We leveraged (the grammaticization of) this preference to isolate the contribution of PV in processing filler-gap dependencies. As exemplified in (14), PV and recent perfectives now impose comparable restrictions on extraction, with the proviso that the co-argument in the recent perfective be a proper name or a pronoun.

Yes

4.2. Participants

We recruited 80 speakers from UP Diliman, using the same recruitment criteria discussed in experiment 1. They ranged from 18 to 35 years of age (M = 23, SD = 4.5), and all lived in and around Metro Manila at the time of testing. They received a Starbucks gift certificate valued at 400 Philippine Pesos (PHP) for participating.

4.3. Materials

The experiment employed a 2 × 2 design, crossing whether the verb exhibited voice or not (VOICE: [ENTX]X0002B[/ENTX]VOICE, [ENTX]X02212[/ENTX]VOICE) and whether the filler was plausible or not (PLAUSIBILITY: [ENTX]X0002B[/ENTX]PLAUS, [ENTX]X02212[/ENTX]PLAUS). We created two sets of 12 items involving non-reversible predicates—one for comparing the time course when the verb imposes an agent-only restriction on displacement (experiment 2A), and one for comparing the time course when the verb imposes a patient-only restriction on displacement (experiment 2B). The same 12 verbs were used throughout the experiment but they appeared with different co-argument pairs. Each item was distributed evenly across four lists via Latin Square design. The experimental items were combined together in one session and randomized with 48 filler items that were invariant across all participants. The filler items involved other dependencies, half with voice morphology and half without, and were designed to deter participants from developing a strategy for when to provide a response. Half of the distractors had the plausibility mismatch effect arise before encountering the main verb, and the other half, after encountering the main verb. Provided in Table 5 are sample experimental items in the two sub-experiments. Refer to the Supplementary Material (Data Sheet 2) for the experimental items.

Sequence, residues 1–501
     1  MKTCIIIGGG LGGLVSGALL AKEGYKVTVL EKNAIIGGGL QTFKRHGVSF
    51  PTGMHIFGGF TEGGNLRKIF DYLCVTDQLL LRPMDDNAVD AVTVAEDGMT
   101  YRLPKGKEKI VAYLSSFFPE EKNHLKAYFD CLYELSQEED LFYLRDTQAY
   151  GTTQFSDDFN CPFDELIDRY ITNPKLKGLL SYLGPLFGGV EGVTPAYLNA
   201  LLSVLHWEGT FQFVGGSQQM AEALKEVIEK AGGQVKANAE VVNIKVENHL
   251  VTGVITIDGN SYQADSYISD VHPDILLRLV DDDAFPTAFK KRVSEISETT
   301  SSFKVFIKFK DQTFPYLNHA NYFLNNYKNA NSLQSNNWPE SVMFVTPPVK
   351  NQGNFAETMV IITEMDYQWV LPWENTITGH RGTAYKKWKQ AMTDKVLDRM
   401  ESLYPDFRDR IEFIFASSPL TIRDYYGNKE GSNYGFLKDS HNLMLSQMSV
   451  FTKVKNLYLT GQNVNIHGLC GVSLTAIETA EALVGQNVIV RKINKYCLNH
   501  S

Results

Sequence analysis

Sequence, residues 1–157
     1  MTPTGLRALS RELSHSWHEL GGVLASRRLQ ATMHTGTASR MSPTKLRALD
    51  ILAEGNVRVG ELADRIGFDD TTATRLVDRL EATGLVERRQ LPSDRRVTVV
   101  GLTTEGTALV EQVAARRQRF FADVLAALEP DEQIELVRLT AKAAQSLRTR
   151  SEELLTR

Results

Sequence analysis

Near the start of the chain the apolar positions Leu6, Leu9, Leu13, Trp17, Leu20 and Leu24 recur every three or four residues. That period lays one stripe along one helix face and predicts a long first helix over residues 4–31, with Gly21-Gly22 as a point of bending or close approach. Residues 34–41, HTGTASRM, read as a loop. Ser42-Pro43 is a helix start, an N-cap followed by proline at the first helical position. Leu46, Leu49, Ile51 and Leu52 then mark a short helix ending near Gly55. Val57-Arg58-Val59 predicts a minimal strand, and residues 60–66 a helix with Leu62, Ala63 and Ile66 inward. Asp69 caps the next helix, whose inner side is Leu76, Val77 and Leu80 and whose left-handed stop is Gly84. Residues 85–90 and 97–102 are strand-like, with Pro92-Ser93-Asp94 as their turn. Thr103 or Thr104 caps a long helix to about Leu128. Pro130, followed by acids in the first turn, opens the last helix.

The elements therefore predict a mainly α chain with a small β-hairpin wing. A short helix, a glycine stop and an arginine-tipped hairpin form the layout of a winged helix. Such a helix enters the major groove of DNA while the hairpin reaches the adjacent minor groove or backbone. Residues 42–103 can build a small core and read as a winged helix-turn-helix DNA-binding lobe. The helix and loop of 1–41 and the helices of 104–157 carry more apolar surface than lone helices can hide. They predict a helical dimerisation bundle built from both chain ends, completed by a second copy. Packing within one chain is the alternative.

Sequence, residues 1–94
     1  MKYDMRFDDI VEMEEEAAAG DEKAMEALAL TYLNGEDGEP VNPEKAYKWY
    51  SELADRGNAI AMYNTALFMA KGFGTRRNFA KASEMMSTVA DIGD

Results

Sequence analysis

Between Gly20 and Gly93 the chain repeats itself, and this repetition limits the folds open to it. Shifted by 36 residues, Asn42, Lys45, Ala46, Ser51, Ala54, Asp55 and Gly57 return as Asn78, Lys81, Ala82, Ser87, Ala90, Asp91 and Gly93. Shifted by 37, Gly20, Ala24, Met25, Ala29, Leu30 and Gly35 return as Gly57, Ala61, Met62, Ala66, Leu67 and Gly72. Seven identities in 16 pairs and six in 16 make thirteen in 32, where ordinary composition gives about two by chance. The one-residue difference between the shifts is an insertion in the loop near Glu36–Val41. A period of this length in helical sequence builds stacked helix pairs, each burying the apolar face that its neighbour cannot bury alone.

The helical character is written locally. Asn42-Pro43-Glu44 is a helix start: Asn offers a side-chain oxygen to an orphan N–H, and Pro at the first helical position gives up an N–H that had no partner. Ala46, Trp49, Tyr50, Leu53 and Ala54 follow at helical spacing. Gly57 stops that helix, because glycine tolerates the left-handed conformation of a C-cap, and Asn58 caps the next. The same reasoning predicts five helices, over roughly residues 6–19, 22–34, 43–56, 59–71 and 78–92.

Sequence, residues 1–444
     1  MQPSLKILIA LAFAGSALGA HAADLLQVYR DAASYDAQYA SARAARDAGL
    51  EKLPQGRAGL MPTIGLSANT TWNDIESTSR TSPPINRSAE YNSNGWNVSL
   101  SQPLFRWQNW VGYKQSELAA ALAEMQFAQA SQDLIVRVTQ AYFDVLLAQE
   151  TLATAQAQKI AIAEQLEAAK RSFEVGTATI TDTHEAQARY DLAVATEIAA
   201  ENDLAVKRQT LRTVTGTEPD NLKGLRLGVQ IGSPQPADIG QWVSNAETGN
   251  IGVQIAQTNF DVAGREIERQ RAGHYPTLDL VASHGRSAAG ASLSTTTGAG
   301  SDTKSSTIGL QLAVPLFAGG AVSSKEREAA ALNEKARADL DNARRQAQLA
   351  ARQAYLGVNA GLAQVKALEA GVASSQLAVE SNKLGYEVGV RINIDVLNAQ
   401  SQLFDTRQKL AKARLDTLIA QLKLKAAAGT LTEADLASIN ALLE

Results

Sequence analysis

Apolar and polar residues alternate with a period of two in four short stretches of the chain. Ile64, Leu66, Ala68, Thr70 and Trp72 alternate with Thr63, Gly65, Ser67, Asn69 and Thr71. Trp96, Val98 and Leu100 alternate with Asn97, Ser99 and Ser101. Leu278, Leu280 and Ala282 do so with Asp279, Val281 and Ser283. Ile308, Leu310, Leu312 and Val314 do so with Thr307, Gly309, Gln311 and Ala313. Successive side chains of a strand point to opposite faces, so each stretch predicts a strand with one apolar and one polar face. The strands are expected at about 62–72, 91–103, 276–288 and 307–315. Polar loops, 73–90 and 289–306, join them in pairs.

TABLE 5
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Table 5. Sample items for experiment 2.

4.4. Procedure

The experiment was presented using Linger (Rohde, 2003). Participants were first introduced to a moving window SPR to familiarize themselves with the presentation. They were instructed to press the F-key to see the first word of the sentence, and to press the F-key again to see the next word. They were to continue pressing the F-key until they saw the end of the sentence. After some practice SPR-presentations, they were introduced to the stops-making-sense task. They were instructed to read the sentences in the same way as before with one crucial difference: after each phrase, they had the option to abort the presentation by pressing the J-key if the sentence stopped making sense. Aborting the presentation led to the presentation of another sentence. After completing 4 practice items, they started the experiment proper.